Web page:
It was even worse for some of the ex-combatants who, after coming back, resolved that they could no longer go back to school, arguing that they were too old to worry about education.

So even if these two groups were to use historical inequalities as a point of negotiation, the group that decided to resume their studies against whatever circumstance is clearly aantaged against the other one.

The issue of gender inequality between men and women is a serious problem that needs to be interrogated from all angles and cannot be dismissed as a fallacy.

It is historical and heavily embedded in patriarchy so much that it will not be easy to address it overnight.

There still exist in societies and the nation certain structures that continue to perpetuate, or encourage gender inequality although there is global outcry to create a gender balance across economic, political and social structures.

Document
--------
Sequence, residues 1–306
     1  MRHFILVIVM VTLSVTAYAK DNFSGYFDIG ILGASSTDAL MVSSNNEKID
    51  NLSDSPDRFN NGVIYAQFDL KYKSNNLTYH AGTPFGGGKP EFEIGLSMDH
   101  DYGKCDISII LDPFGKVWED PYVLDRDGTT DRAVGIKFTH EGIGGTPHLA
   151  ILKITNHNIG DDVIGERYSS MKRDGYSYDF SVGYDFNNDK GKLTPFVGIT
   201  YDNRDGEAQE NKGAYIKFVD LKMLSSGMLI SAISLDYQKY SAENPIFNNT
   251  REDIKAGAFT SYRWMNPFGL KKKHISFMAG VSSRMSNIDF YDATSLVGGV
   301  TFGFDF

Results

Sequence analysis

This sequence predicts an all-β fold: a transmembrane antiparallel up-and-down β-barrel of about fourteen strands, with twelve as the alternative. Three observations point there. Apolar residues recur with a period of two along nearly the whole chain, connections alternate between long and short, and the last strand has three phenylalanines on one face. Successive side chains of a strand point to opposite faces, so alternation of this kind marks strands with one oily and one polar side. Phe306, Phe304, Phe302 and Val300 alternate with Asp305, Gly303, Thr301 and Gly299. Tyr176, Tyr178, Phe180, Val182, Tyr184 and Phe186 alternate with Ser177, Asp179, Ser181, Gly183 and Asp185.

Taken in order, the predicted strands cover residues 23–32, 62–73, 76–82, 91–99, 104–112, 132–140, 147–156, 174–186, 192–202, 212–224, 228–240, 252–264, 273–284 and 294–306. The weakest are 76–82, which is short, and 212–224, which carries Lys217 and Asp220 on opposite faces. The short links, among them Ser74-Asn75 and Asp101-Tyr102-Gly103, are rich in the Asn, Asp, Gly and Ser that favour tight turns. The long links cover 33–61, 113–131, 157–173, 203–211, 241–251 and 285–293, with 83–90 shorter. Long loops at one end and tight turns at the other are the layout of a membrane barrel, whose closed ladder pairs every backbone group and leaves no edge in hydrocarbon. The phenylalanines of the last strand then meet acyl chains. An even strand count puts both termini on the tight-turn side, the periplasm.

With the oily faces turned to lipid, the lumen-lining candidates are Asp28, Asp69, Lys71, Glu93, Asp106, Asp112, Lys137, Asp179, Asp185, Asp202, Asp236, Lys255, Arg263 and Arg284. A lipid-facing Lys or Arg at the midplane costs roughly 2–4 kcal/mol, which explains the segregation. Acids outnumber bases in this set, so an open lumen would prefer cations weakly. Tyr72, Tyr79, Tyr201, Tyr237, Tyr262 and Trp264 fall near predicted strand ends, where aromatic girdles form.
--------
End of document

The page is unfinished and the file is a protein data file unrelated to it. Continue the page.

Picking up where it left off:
Some of these structures include more resources allocated to educate the boy child at the expense of the girl child, using the girl child to pay or appease ngozi, and promoting early marriages for girls who are barely in their teens.

Having noted all the discomfort that comes along with being a woman, there is however, a fundamental difference between calling for the levelling of the playing field to allow more women in, than refusing to aance oneself, waiting for freebies that come along with being a woman.

It may be sad, but true, that globalisation is now offering many menu options from which companies, organisations and the world at large can afford to choose any of the highly competent, sharp, suave, academically and professionally competent women, who also have a gender card tucked right at the bottom of the handbag, should the negotiations become highly masculine and require much more.